Solving the ‘Events in Progress’ Problem in DAX
One problem I’ve spent a lot of time thinking about over the last couple of years is what I call the ‘events in progress’ problem. The problem is this: if you have a fact table where each row represents an event, and there are two date columns representing the start and end dates of the event, on any given date how many events were actually in progress (ie how many rows are there where your given date is between the start and the end date)? It’s trivial to solve in SQL, but in SSAS and MDX there’s no truly satisfying solution. Richard Tkatchuk wrote up the best solution for SSAS here, but since it still involves a fair amount of hacking of the data I’ve never felt it was particularly elegant; I’ve always felt like there should be a pure MDX solution, but all of the approaches I’ve tried have been unusably slow. As a result, I was curious to see whether there would be an elegant way of solving this problem in PowerPivot and DAX…
It’s quite easy to use the AdventureWorks DW database to illustrate the problem. The following SQL query returns the number of orders that had been placed but had not yet shipped on any given date:
, COUNT(*) as OrdersInProgress
DimDate.DateKey <= FactInternetSales.ShipDateKey
group by DimDate.DateKey
order by Dimdate.DateKey asc
The first thing to do in PowerPivot is, obviously, to import the DimDate and FactInternetSales tables. However the next step is less than obvious: you must not create a relationship between the two tables. Even though PowerPivot suggests you should, you won’t get this solution to work if you do – and as a result, in my opinion, it would be great if this message could be turned off (vote here if you agree).
Next we need to create a new calculated measure in the FactInternetSales table, and we need to come up with a DAX expression for it. Even though the logic is fairly simple, I struggled at first because the Calculate statement doesn’t allow you to use the Min or Max functions directly in one of its filter parameters. Then, though, I realised that the same limitation doesn’t apply to the Filter function and I came up with the following, which worked:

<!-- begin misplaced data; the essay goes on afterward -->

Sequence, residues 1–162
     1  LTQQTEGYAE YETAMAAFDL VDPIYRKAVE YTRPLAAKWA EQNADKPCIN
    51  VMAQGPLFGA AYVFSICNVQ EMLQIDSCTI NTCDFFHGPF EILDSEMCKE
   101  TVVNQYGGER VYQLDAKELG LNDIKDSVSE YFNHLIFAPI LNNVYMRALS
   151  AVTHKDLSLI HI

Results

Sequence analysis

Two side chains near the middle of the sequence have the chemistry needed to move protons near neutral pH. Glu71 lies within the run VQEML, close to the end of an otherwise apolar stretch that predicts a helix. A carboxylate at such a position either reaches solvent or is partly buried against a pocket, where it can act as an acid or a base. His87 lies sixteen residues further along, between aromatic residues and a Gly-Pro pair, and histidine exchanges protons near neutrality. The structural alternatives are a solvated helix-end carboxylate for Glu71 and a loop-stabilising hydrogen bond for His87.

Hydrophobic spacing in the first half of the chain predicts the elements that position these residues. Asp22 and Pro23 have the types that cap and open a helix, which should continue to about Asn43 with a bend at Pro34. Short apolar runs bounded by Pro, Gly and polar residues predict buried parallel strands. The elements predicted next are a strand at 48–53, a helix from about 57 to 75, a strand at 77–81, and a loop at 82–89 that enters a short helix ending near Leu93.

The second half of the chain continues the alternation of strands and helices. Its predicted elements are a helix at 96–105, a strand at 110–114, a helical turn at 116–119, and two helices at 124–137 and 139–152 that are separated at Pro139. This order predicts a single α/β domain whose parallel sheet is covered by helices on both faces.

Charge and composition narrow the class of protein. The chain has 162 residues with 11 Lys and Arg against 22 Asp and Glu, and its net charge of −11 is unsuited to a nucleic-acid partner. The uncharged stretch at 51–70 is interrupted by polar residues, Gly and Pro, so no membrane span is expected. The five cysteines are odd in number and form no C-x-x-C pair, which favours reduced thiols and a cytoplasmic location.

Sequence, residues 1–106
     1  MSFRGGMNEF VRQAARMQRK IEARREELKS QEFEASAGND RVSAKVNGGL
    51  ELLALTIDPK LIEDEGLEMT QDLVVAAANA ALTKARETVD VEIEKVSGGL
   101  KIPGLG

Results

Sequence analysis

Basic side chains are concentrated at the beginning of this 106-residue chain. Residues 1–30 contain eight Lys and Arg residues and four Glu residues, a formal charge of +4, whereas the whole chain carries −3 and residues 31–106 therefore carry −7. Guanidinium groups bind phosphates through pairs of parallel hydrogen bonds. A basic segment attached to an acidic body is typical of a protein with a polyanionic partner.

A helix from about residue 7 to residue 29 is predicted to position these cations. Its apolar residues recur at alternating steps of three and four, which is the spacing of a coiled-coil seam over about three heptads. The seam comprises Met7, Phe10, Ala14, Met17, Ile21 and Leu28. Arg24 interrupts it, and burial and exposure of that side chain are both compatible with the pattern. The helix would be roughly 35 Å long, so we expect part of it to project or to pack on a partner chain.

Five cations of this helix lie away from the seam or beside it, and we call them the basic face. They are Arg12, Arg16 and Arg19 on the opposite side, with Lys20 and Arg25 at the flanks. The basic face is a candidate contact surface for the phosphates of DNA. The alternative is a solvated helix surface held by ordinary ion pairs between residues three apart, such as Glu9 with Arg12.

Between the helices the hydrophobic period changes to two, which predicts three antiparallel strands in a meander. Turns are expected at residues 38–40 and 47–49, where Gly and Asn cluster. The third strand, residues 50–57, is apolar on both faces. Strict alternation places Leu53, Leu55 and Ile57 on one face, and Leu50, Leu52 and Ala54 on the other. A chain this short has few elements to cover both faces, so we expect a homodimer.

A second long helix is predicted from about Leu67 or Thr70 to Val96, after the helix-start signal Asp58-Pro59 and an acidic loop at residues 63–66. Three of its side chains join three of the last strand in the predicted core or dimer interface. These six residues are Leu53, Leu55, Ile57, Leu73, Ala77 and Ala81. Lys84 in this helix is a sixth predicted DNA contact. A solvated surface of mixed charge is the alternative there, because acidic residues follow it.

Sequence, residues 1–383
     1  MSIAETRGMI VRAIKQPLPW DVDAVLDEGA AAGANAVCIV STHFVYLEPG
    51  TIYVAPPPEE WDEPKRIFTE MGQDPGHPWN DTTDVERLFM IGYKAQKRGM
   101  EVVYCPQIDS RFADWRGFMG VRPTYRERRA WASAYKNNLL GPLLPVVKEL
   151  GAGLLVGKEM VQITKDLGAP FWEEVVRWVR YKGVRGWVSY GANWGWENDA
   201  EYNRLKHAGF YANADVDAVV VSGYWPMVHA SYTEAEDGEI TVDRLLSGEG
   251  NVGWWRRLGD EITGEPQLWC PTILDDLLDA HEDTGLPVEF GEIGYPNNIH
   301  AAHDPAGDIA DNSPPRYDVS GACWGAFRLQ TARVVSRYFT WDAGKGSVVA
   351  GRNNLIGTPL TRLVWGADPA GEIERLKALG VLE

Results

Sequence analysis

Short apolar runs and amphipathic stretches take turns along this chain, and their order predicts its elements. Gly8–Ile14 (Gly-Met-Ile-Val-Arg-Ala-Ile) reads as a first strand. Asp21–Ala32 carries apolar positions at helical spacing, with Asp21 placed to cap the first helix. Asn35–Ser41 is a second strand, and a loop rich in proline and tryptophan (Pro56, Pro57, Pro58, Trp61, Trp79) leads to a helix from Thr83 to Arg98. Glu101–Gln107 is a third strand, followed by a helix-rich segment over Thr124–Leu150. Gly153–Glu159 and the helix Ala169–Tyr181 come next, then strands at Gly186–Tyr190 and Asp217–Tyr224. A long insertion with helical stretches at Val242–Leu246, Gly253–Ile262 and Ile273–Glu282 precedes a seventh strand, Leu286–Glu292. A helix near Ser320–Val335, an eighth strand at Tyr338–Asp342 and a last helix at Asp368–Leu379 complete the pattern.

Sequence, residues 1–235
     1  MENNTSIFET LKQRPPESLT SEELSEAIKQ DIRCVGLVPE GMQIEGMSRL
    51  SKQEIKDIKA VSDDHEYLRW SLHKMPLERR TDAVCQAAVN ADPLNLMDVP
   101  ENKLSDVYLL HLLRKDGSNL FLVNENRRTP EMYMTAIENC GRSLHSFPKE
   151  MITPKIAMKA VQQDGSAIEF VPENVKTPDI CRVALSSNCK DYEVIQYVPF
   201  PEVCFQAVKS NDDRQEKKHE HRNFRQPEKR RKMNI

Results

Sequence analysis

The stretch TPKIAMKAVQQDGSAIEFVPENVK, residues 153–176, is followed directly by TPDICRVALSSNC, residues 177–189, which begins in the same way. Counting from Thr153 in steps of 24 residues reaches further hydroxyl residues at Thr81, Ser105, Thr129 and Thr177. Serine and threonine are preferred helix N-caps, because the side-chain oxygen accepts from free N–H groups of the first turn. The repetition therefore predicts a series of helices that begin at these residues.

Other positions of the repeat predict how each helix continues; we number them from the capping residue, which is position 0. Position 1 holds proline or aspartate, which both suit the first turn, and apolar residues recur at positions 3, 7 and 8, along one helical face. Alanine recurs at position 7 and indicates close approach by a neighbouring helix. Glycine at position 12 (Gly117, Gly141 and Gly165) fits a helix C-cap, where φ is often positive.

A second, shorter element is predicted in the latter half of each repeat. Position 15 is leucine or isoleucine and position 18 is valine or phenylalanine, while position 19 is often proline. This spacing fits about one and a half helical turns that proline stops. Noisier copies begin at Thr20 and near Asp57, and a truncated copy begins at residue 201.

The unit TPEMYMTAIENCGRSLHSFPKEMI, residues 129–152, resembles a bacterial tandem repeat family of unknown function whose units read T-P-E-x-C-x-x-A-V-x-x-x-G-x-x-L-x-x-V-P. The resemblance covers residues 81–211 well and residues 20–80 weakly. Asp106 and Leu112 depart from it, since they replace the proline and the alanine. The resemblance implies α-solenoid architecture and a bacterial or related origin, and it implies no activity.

Filter(‘FactInternetSales’, ‘FactInternetSales’[OrderDateKey]<=MIN(‘DimDate’[DateKey])), ‘FactInternetSales’[ShipDateKey]>=MAX(‘DimDate’[DateKey])))
Unfortunately, although it was faster than any of my MDX approaches in SSAS, it was still not really fast enough. So I went back to my friends at Microsoft, and Marius Dumitru (again) came up with the following which is really fast:
The next problem is that this only works when something is explicitly selected from DateKey. When you put Calendar Year on rows or columns though, for example, it returns nothing. I’m currently working on getting this fixed, but that will be another blog post!
Anyway couple of questions need to be asked at this point. First of all, how/why does this work? Well Marco has just posted a great explanation of the Calculate statement here that I recommend you to read and reread; it covers the theory behind this expression and a lot more.
Secondly why is this second expression so much faster than the first? Here’s what Marius told me: in the first expression the filtering is done on each individual row in the fact table. In the second expression the filters act on the distinct values from both OrderDateKey and ShipDateKey, and since the number of distinct values is smaller than the overall number of rows this is evaluated very quickly; the results of these two filters can be then used in a further, very efficient request to the PowePivot/Vertipaq engine. In Marius’ own words, the takeaway is that “it’s always a best practice to avoid filtering an entire table if the filter condition involves only some of the table columns (i.e. when no key/unique columns are used in the condition expression). The way to go is to only filter the columns involved in the condition (using Filter over All, Values or Distinct applied to the desired columns), and use those filter results as parameters to Calculate to carry out the rest of the computation”. Note that this isn’t a matter of block computation vs cell-by-cell because all calculations in DAX are evaluated in block mode.
So there you go, the first DAX optimisation tip on this blog!